If you're using a Duration in code, a Duration uses a definition of time that is also used by the TimeSpan structure. The TimeSpan structure is represented by System.TimeSpan if you are programming using C# or Microsoft Visual Basic, or Windows.Foundation.TimeSpan if you are programming using C++.
- The C# or Microsoft Visual Basic System.TimeSpan has a Parse method that uses the hours:minutes:seconds string format. If you need to create a Duration value in code you can call the Duration constructor and provide the System.TimeSpan argument by calling TimeSpan.Parse with an hours:minutes:seconds string. Always use the "en-us" culture for parsing this string, because that's how XAML interprets the string format, and you shouldn't be using culture-specific inputs for animating timings anyways.
- The C++ Windows.Foundation.TimeSpan doesn't support a way to create it in an hours:minutes:seconds string format. You'll have to use DurationHelper.FromTimeSpan, and do the conversion yourself for how hours:minutes:seconds converts to the C++ Windows.Foundation.TimeSpan data value, which is a value in milliseconds.
Automatic and Forever
The Automatic value applied in either XAML or code results in different behavior on a Storyboard as opposed to an animation.
- For Storyboard, the Automatic value sets the effective time span to be equal to the end time of its longest-running child animation, such that no clipping occurs for any child animation.
- For animations, the Automatic value results in the behavior whereby the animation runs with a time span of 1 second (0:0:1). This behavior is seldom desirable as a final result, but it enables you to see the running animation during testing, before you have established a final time span.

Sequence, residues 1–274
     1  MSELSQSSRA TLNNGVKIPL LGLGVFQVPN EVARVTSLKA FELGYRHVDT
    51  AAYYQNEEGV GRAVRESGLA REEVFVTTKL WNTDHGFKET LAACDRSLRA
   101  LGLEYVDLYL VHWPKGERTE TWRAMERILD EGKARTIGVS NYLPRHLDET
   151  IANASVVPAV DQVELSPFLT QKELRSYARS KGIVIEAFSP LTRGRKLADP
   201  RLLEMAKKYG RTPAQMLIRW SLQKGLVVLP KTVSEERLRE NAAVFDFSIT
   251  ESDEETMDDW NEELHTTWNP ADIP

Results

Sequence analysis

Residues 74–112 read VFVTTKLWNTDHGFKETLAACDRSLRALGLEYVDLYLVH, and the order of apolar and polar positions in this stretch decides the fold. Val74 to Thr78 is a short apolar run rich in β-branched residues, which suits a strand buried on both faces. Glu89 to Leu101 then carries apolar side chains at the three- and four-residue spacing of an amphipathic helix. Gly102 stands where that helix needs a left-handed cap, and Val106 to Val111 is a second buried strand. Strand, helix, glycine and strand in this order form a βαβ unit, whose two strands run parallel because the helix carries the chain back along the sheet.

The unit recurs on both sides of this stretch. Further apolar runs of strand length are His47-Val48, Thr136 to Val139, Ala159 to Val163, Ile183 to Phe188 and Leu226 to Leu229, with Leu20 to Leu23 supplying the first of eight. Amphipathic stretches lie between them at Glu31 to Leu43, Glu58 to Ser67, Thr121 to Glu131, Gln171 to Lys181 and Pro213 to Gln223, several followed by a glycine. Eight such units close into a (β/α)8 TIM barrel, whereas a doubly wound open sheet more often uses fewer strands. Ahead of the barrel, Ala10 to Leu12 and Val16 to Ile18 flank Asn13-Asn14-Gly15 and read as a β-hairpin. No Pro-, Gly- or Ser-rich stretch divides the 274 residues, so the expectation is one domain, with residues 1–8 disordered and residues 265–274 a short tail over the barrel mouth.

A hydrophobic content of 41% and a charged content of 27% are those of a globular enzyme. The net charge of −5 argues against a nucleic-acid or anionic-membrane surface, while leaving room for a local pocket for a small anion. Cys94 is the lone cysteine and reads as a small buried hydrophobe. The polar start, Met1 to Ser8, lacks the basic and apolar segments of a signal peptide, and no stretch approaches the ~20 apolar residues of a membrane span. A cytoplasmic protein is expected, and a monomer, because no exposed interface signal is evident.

Using Forever for an animation is a deprecated usage, and is seldom used. This results in an animation that never advances from its starting value, no matter what values were provided for From/To, key frames, and so on. If you want an animation to repeat continuously, use
Projection and members of Duration
If you are using a Microsoft .NET language (C# or Microsoft Visual Basic), or Visual C++ component extensions (C++/CX), then Duration has non-data members available, and its data members are exposed as read-write properties, not fields. Duration exposes several operators, including comparison operators. See Duration in the .NET API Browser.
For Microsoft .NET, Duration exposes TimeSpan.Parse for its TimeSpan property, Implicit and UnaryPlus operators, and Add and Subtract methods. These aren't available from the structure in Visual C++ component extensions (C++/CX) but you can use equivalent DurationHelper methods for some of these.
If you are programming with C++/WinRT or the Windows Runtime C++ Template Library (WRL), then only the data member fields exist as members of Duration, and you cannot use the utility methods or properties of the .NET projection. C++ code can access similar utility methods that exist on the DurationHelper class. For example, you can call DurationHelper.Compare to compare two C++ Duration values. For more info, see DurationHelper.
This table shows the equivalent properties and methods available in .NET and C++.
The TimeSpan value component.
The type as a member of the enumeration.